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I had some silver spray paint on hand and sprayed the letters.  When my husband saw the silver painted pennies, he asked why I didn’t just use dimes.  I said pennies were cheaper.  Then he asked how much the spray paint I used to make the pennies silver cost.  I wasn’t sure how to quantify the amount of spray paint I used from the can to figure out the answer to his question.  But I like to think it was cheaper for me to do it this way.  At any rate, the pennies cover more surface area of the board than dimes would, so it probably took less time.  That makes it better, right??

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After the spray paint dried, I made a little wall of things to go under this new LOVE sign.  I want my sweet daughters to know to always love themselves, so I added a bunch of cute mirrors that I got half off at Hobby Lobby.  I also got a couple of frames from there that were on major clearance.  They were both brown, though, so I spray painted them to match my decor better.  One I sprayed black and added some silver into the texture of the frame.  One I painted silver and it looks kind of pewter.  In those frames, I added words I love.  Tolkien’s “Not all who wander are lost.” I overlaid this quote on top of an antique script background I found.  I also framed a song I wrote for my husband called “Salt Water Soul.”  It’s kind of an ode to the fact that we met in Hawaii and him being my amazing Polynesian bestie and all 🙂

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So here’s my finished LOVE wall.  What do you think?  Notice one of the things I love most in this world reflecting in the bottom mirror? LOVE her!! What would you put on your LOVE wall? I’ll interchange family pics on here sometimes, too. Send us pics if you do one! We’d love to see!

PS – I hung the LOVE letters using sticky-backed industrial strength velcro. Pretty sure it might remove the dry wall when I take it off.  But it works great for now!  Might have to sell it with the house someday, though, haha. #notgoinganywhere

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I do not receive any compensation from any of the brands recommended here.  Those are just the items I used.  However, if they ever decide they want to compensate me for sharing, then I’ll say, “Um, heck yes, and thank you.”

Tuesday Treasures!

Please welcome our guest treasure hunter, Chelsea Price!  For today’s Tuesday Treasures, we will enjoy the transformation of Chelsea’s gorgeous little antique chair!
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I love to antique shop, so when my husband and I found this super quaint shop in Groveton, Tx, I was in heaven. I found this chair right away for a steal of a deal. It was pretty rough, a little shredded in places and wobbly in others. But it was solid wood so I knew it had great potential. I brought it home and let it sit for months as I tried to decide if I should stain it or paint it white. I really like the clean-cut look so I went with white. (I know you natural wood lovers are going to kill me, but it was a choice I had to make.) So, now with the decision made I took it out to the garage and started sanding.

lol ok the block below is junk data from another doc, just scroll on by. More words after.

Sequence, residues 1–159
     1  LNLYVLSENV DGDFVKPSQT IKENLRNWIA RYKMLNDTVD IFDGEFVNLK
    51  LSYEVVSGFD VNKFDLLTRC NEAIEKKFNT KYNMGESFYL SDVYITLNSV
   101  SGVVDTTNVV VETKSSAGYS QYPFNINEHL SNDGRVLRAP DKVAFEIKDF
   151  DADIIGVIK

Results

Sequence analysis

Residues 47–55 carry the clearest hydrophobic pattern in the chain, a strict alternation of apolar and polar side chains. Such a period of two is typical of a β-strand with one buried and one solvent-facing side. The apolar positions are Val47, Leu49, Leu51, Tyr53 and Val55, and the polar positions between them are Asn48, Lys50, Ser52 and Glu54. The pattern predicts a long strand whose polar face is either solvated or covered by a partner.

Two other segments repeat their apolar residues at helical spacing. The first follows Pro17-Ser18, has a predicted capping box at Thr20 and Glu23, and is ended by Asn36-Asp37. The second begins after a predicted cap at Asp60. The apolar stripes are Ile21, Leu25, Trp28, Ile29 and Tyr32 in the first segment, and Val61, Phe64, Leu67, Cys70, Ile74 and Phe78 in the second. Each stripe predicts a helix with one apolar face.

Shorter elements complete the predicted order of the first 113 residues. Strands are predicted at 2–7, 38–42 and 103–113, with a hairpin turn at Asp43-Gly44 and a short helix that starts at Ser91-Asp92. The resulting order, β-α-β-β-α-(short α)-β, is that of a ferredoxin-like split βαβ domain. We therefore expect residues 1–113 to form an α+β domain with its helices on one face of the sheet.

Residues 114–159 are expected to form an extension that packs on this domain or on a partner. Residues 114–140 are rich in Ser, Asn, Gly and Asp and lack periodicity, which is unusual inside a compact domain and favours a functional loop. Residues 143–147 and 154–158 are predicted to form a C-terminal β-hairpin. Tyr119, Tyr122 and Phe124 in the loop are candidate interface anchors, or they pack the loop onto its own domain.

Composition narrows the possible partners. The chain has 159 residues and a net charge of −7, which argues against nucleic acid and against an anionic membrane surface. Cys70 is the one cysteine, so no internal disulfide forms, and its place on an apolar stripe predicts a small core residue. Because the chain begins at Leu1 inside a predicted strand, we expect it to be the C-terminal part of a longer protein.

Continue reading

Tuesday Treasures! Mercury Glass Tutorial! (sans mercury)

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I think mercury is fascinating (it’s also an awesome song by The Counting Crows.)

Arguably the most beautiful heavy metal in existence, it kind of loses its appeal when you find out it happens to be deadly, so that’s kind of a downer.  But it’s just so crazy to see a metal be a liquid at room temperature.  This is also probably one reason mercury was used anciently, because it didn’t require heating to make it liquid and easily incorporated into the manufacture of other goods. That’s just my guess.  I could be way off.

Mercury was originally used to make the reflective surface of mirrors, which would probably be considered the first mercury glass.  But what we know and reference as mercury glass didn’t actually use mercury.  Instead, it was made by blowing double-walled glass and filling the center with a solution of silver nitrate and grape sugar and then sealing the object to contain the silver solution.

This tutorial is meant to mimic the effects of this silver nitrate solution on glass, but eliminates the hard parts, like, you know,  blowing double-walled glass, and obtaining silver nitrate, etc.  Continue reading